Some random publications available online/

Writing Nagaland – a conversation with Easterine Kire in Raiot: Challenging the Consensus.


An outsider review of Jaipur Literature Festival, in Sakal Times: Eavesdropping at JLF 2016

A random feature on the apparent rise of the short story genre, in Sakal Times: A happy beginning for short stories?

A feature on Oscar-winning films of 2016 which started their lives as books, in Sakal Times: The words in pictures

A feature on how Manto’s works have found a new outlet in Radio Mirchi, in PrintWeek India: Listening to Manto on Radio Mirchi

The Mad, Mad World of Print: Snippets from around India II

Dibya's colloquy: What we saw at Jaipur Literature Festival this year

The Mad, Mad World of Print: Snippets from Around India I


An interview with Zac O’Yeah, for his new Mr Majestic novel, Hari: A Hero for Hire, in Sakal Times: ‘Every city should have a shelf full of detective novels dedicated to it’

An interview with Hansda Sowvendra Shekhar, for his short story collection The Adivasi will not Dance, in Sakal Times: ‘My identity is very important to me’

A review of Rajiv Bhattacharyya's Rendezvous with Rebels: Journey to Meet India’s Most Wanted Man, in The Four Quarters Magazine: A Question of Conflict and a Tale of Adventure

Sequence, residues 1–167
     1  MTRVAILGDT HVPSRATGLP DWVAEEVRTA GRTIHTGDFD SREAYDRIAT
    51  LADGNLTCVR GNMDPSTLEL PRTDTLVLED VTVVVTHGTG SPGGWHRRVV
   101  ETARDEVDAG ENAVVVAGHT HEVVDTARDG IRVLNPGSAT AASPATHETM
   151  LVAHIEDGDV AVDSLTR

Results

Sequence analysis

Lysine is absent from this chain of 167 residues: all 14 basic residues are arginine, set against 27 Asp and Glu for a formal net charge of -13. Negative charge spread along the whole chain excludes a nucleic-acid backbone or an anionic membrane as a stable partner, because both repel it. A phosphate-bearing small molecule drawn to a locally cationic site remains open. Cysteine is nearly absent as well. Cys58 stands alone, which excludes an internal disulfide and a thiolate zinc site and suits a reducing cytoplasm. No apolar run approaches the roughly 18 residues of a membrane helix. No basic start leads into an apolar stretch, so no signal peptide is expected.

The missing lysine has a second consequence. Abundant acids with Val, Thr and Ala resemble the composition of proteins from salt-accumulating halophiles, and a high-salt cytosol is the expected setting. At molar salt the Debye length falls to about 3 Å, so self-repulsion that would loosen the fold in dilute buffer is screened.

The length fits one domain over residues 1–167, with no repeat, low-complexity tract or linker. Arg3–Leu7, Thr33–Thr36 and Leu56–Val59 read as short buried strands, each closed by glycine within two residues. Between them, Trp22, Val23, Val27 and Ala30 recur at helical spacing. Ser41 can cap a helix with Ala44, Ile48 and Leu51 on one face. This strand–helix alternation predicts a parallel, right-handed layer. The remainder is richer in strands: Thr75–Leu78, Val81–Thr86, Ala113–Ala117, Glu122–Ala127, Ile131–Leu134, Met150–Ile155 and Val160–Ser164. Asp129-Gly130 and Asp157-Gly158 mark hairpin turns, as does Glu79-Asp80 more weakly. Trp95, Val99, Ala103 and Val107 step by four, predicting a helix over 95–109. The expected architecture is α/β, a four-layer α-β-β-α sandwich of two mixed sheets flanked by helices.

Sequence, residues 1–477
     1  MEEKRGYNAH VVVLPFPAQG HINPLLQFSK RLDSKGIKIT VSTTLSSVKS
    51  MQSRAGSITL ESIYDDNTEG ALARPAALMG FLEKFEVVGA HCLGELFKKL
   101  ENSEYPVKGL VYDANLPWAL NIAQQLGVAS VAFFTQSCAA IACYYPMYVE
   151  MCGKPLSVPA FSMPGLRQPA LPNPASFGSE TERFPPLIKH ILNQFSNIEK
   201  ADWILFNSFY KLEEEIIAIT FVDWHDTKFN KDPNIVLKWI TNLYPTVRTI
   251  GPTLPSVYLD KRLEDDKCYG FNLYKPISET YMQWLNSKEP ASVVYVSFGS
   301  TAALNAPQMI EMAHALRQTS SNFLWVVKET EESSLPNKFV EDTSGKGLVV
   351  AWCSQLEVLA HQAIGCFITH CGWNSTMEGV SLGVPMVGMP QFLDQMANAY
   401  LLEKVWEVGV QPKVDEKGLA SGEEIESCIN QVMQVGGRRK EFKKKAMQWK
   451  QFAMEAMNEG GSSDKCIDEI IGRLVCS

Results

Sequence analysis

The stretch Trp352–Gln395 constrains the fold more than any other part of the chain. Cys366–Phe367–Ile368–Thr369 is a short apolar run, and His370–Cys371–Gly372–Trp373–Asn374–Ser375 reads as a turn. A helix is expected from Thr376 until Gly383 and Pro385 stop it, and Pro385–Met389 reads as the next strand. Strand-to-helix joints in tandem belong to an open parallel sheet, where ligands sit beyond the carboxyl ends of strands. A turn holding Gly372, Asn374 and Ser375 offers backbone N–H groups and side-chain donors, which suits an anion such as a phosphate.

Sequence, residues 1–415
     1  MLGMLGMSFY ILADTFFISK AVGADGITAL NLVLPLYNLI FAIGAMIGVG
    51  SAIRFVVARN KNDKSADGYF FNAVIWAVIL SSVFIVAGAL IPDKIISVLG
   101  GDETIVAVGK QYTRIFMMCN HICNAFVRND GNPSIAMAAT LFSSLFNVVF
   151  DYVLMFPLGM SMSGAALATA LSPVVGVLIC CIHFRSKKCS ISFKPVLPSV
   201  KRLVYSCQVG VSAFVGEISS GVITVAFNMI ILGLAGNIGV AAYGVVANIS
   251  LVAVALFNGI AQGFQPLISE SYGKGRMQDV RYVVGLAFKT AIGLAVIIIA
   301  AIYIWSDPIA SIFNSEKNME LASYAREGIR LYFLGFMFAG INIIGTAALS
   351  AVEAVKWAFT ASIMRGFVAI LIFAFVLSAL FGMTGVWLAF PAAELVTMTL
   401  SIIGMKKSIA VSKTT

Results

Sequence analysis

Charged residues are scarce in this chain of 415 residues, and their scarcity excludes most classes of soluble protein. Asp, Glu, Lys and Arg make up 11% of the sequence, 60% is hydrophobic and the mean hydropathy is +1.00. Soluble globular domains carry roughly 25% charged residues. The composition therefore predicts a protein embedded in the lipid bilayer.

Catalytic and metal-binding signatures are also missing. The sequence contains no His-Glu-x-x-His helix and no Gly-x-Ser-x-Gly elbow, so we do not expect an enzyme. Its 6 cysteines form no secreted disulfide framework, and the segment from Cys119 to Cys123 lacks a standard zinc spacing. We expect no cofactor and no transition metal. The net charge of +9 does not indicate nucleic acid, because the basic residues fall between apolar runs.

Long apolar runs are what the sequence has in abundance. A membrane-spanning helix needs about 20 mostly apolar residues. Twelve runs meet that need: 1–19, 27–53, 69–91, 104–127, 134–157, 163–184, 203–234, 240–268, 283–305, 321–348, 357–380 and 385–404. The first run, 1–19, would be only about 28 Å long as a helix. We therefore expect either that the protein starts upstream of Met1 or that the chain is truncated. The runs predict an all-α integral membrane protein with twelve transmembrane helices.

An interview with Goa-based poet Manohar Shetty, in Sakal Times: 'A poet has to find his tenor and timbre'

A feature on the rise of crime fiction in India, in Sakal Times: Making crime Pay

A short story titled The First Date, in Open Road Review

Four poems, in Open Space Talking Poetry

A short story titled The Measure of Happiness, in the Earthen Lamp Journal

A feature on Hindi publishers Vani Prakashan, in PrintWeek India: A new book every working day

Feature on the attack on media, in PrintWeek India: Brutal silencing of journalists in India

Feature on the Oxford University Press, in PrintWeek India: OUP India going to school

A short story titled Let Me Sin Then, in Pink Pages

A plant visit report on the Times Group production plant at Sahibabad, UP, in PrintWeek India: Two million copies per day and counting


Do visit my cyber footprints elsewhere/Apart from
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Or just write to me @/

This Should Serve For Now/
Dibyajyoti Sarma thinks he’s somewhat lost concerning his place and purpose in the world, and thinks it’s a better possibility than to live a life of pre-defined existence.

He is fascinated by the possibility and complexity of the proliferation of languages in India. His thinks in Kamrupiya, a dialect in the Asomiya language and writes in English. This choice of languages stems from a desire to reach out to his immediate readers. On an average day, he deals with at least five languages — Asomiya, Bengali, Hindi, Marathi and English, and is enamoured by several others — French, Spanish and Japanese.

He has at least 10 years of experience in working in various fields of communications. He has the qualifications and was trained to be a college teacher. Through he enjoys teaching and feels it’s his true calling, he had to make a choice between leading a stagnant life in the backwaters of a tiny Maharashtrian town and the city that offered him the possibilities of an adventure, but a less secure career. Following Socrates who said an inexperienced life is not worth living, he opted for surprise over security.